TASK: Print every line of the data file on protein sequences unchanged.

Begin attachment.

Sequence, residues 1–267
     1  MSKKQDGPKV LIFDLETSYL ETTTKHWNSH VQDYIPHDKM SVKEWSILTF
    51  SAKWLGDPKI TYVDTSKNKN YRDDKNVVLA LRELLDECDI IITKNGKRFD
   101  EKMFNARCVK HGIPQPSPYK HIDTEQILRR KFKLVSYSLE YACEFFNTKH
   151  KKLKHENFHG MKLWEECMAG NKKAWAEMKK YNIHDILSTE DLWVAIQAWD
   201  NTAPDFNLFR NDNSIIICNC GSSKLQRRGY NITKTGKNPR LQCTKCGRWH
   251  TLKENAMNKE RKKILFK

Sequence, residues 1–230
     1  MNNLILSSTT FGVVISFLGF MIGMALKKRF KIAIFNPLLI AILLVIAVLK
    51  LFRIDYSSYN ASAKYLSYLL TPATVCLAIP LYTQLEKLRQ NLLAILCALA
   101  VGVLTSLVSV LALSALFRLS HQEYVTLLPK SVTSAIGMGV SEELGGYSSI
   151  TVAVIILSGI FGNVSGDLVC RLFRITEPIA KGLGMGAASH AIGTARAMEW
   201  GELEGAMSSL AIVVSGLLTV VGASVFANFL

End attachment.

Sequence, residues 1–267
     1  MSKKQDGPKV LIFDLETSYL ETTTKHWNSH VQDYIPHDKM SVKEWSILTF
    51  SAKWLGDPKI TYVDTSKNKN YRDDKNVVLA LRELLDECDI IITKNGKRFD
   101  EKMFNARCVK HGIPQPSPYK HIDTEQILRR KFKLVSYSLE YACEFFNTKH
   151  KKLKHENFHG MKLWEECMAG NKKAWAEMKK YNIHDILSTE DLWVAIQAWD
   201  NTAPDFNLFR NDNSIIICNC GSSKLQRRGY NITKTGKNPR LQCTKCGRWH
   251  TLKENAMNKE RKKILFK

Sequence, residues 1–230
     1  MNNLILSSTT FGVVISFLGF MIGMALKKRF KIAIFNPLLI AILLVIAVLK
    51  LFRIDYSSYN ASAKYLSYLL TPATVCLAIP LYTQLEKLRQ NLLAILCALA
   101  VGVLTSLVSV LALSALFRLS HQEYVTLLPK SVTSAIGMGV SEELGGYSSI
   151  TVAVIILSGI FGNVSGDLVC RLFRITEPIA KGLGMGAASH AIGTARAMEW
   201  GELEGAMSSL AIVVSGLLTV VGASVFANFL